Last night’s Meat-Lover’s Calzone was too much of a flop to even blog about. Suffice it to say, I realized I do not like Gorgonzola cheese in Italian dishes. With buffalo wings? Sure, probably. Sis insists there’s a difference between Gorgonzola and Blue Cheese. My delicate palate couldn’t distinguish any difference.
With a half a batch of Garlic and Herb bread dough in the fridge, I decided to try my Meat-Lover’s Calzone as a pizza sans Gorgonzola cheese. The results were even better than I had expected.
- 1/3 to 1/2 recipe for Garlic and Herb Bread Dough (or any other pizza crust recipe — store-bought is fine, too)
- olive oil
- salt and pepper to taste
- one recipe of Creamy Marinara Sauce
- 1/2 lb ground hamburger, cooked and drained of grease or sliced meatballs
- 1/2 lb sliced pepperoni or salami
- 1/2 lb country-style sausage crumbles, cooked and drained of grease
- 6 slices bacon, cooked and chopped
- 5 oz fontina cheese, shredded
- 7 oz provolone cheese, shredded
- 4 oz fresh mozzarella cheese, sliced
- 2 oz fresh grated parmesan cheese
- Remove the pizza dough from the refrigerator and let sit at room temperature for 20 minutes. Meanwhile, preheat the oven to 450 degrees and sprinkle a 16-inch round pizza pan with cornmeal. Prepare the Creamy Marinara Sauce.
- Using an ample amount of flour, begin to stretch the dough out into as large of a circle as possible. Place on the pizza sheet and work the dough at the edges using the heel of your hand to press and stretch toward the edge of the sheet. This will take a few minutes.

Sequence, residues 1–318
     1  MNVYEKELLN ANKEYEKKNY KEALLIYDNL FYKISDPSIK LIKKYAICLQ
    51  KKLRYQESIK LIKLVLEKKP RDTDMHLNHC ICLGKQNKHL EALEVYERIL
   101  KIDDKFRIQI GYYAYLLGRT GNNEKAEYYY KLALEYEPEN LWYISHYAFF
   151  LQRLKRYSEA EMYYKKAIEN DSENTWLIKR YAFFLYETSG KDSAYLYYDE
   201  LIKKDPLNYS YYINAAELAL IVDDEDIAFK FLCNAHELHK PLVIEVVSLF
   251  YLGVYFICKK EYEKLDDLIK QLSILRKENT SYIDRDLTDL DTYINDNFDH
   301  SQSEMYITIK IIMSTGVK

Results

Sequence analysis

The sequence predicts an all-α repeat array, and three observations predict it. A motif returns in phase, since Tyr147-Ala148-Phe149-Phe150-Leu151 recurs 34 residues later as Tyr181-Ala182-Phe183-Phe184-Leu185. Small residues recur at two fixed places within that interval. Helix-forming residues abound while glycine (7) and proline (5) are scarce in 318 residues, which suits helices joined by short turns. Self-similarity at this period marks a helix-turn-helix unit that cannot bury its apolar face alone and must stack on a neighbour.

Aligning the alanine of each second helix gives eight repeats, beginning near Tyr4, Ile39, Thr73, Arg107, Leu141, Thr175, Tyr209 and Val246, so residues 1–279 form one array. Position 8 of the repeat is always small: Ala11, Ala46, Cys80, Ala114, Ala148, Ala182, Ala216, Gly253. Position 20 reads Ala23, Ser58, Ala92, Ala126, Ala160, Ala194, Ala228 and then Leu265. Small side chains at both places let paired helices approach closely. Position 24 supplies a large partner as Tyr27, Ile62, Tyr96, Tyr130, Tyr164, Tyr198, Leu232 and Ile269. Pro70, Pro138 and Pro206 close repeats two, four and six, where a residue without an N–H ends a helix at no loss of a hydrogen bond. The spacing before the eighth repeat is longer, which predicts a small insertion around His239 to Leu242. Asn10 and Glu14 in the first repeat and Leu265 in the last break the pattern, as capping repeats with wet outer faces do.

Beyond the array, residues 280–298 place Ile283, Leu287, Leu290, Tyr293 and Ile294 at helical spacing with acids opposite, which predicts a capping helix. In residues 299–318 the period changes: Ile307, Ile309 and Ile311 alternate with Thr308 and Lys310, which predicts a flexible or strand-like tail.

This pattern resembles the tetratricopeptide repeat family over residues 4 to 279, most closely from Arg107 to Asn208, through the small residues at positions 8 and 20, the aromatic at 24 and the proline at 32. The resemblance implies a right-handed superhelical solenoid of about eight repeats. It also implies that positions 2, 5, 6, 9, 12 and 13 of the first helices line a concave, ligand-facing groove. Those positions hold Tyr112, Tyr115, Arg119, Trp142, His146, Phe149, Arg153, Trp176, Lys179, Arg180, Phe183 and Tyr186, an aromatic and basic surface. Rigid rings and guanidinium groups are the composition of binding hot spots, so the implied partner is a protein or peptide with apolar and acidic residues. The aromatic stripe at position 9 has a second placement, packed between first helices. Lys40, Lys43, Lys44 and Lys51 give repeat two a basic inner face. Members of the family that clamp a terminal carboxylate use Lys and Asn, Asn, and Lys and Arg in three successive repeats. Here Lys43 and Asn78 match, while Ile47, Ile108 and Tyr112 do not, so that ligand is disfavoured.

- Once the crust is stretched all the way to the edge of the pan, sprinkle with olive oil and rub the olive oil over the surface of the crust. Sprinkle with salt and pepper.
- Spread the sauce evenly over the pizza crust. Layer with shredded cheeses; pepperoni, sausage and hamburger; then sliced mozzarella, bacon and parmesan cheese.
- Bake for 25 minutes or until the cheese begins to brown on top. Let stand five minutes before cutting.
I spent an obtuse amount of money buying ingredients for this pizza – mainly on the cheese! (Though it’s my own fault. I know better than to shop at Fred Meyer’s for ingredients I can get across the street at Trader Joe’s for way cheaper. When laziness wins out you (quite literally) pay the price.) I was ecstatic to find a brick of provolone cheese, which I’ve never before seen in a store! (Slices, yes. A brick, no. I’ve had to shred slices of provolone cheese before when making a pizza. Needless to say, trying to shred a brick of sliced cheese doesn’t work all that well.)